A girl who barely said a word for the first four years of her life is now a "little chatterbox".
Poppy Campbell, six, from Inverness, was silenced by a combination of selective mutism and speech dyspraxia.
She said her first sentence when she was three-and-a-half when she thanked staff at a safari park for letting her help look after their giraffes.
Her parents Sarah and Steven said that thanks to help she went on to receive she now talks happily.
Poppy's mum told BBC Radio Scotland's The Kaye Adams Programme: "Just before she was 18 months old she just fell into complete silence.
"Even when she was crying she would make the face, and have tears but made no sound at all. It was so difficult."
She added: "It sounds strange, but we had this sixth sense. Poppy would look at us and we knew what she wanted or needed."
'Bella's my favourite'
Initially, the family were told Poppy had "second child syndrome", meaning she did not feel the need to talk because her older sister Summer did all the talking for her.
But her parents remained concerned there was something wrong, going to first one speech therapist and then a second therapist.
Still, it took an encounter with giraffes at Blair Drummond Safari and Adventure Park, near Stirling, for Poppy to first find her voice.
Her mum said: "After our visit we were leaving the park and Poppy said to the staff: 'Thank you very much for letting me look after the giraffes. Bella's my favourite."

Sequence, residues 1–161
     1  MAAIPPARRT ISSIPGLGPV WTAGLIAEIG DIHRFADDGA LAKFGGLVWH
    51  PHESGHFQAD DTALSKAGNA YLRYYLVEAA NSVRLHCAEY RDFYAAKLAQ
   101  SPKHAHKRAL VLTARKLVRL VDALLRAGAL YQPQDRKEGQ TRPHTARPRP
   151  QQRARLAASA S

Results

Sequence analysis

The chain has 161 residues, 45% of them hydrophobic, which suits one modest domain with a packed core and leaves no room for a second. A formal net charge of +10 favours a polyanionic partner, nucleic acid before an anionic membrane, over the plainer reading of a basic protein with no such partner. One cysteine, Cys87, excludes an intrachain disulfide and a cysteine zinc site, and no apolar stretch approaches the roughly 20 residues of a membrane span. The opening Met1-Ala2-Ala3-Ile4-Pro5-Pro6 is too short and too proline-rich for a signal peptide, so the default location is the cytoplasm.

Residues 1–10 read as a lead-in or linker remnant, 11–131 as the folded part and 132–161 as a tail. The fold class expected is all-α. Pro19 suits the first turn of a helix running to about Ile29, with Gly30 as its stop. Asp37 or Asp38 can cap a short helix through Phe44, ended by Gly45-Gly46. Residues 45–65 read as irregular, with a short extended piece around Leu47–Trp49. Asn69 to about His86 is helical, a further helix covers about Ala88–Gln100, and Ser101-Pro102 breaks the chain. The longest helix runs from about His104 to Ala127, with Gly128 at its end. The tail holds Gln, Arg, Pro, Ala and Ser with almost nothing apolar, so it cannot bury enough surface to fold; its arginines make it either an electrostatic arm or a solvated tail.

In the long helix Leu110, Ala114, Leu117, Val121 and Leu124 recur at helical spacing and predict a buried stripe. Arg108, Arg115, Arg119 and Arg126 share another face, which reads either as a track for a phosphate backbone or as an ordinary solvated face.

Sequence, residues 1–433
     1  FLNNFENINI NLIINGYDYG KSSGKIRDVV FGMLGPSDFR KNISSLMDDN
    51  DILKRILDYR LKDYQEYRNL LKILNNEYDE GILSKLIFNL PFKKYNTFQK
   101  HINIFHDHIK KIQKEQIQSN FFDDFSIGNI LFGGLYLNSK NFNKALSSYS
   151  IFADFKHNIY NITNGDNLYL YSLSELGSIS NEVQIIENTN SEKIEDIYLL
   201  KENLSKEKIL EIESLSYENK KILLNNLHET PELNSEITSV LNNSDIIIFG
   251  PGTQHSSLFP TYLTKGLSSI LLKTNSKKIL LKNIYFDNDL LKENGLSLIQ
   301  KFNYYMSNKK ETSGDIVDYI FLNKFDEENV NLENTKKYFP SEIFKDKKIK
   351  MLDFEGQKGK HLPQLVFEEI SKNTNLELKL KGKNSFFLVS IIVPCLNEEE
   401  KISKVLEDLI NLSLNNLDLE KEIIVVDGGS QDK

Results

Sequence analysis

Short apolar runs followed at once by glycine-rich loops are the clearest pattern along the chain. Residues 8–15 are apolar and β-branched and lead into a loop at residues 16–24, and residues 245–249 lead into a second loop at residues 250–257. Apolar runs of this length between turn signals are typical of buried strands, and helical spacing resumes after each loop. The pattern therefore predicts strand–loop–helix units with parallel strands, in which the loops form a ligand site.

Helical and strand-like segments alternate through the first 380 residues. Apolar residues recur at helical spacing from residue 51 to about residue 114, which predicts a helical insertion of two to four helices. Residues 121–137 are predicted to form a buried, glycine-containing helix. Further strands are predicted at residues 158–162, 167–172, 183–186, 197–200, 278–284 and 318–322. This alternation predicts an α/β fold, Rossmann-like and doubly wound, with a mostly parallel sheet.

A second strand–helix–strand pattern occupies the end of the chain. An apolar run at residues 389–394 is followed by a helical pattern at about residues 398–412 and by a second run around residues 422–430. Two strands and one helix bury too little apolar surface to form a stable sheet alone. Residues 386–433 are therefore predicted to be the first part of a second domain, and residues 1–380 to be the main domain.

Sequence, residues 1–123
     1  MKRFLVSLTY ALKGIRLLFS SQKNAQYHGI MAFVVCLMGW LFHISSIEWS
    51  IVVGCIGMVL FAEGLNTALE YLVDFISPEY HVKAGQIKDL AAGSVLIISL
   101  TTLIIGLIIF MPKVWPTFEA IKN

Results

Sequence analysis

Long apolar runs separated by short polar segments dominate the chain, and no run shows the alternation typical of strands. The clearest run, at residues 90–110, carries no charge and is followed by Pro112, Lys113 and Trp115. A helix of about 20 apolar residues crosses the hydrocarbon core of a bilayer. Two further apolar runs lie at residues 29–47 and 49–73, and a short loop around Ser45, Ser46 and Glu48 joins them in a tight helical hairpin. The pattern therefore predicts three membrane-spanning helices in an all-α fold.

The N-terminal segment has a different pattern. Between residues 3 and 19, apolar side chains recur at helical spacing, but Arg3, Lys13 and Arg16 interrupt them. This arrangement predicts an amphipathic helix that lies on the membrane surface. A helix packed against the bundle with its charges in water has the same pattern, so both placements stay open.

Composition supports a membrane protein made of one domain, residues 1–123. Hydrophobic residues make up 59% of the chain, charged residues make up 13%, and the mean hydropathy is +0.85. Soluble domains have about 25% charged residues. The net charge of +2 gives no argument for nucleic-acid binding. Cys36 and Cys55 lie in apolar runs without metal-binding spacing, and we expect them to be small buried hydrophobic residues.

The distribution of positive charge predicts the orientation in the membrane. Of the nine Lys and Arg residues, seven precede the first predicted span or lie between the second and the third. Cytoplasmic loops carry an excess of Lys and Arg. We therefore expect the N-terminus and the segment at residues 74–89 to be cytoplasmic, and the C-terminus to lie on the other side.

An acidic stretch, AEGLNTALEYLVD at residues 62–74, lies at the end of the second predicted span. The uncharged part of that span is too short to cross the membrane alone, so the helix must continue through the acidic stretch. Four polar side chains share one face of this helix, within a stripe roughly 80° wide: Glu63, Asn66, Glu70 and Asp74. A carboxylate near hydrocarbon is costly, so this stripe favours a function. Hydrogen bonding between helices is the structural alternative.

Poppy fell silent again for just under a year, before one night saying to her mum: "Mummy, I love you".
'Still upsets me'
Her parents, who also did their own research into her condition and used flash cards in the hope of helping her, credit a nursery teacher called Sammy Macleod and the second "amazing" speech therapist in finally "unlocking" their daughter's voice properly.
Poppy had been expected to be on a speech therapy plan for the full seven years of her primary school education, but was given discharge papers in June.
Her mum said: "I am one of those needy mums who needs to hear her children say they love her. To hear Poppy say 'Mummy, love you' that night still upsets me.
"But now she is a little chatterbox. You can't keep her quiet."
Asked on the radio programme for an interesting fact on giraffes, Poppy said: "They have purple and blue tongues.
"And they eat lettuce."
Anna Biavati Smith, a speech therapist from the charity Selective Mutism Information and Research Association, told The Kaye Adams Programme that Poppy's issues with speech were rare but could be overcome with help.
Gary Gilmour, the safari park's manager, added: "Poppy's story is very touching and we are delighted that Bella the giraffe helped with her recovery."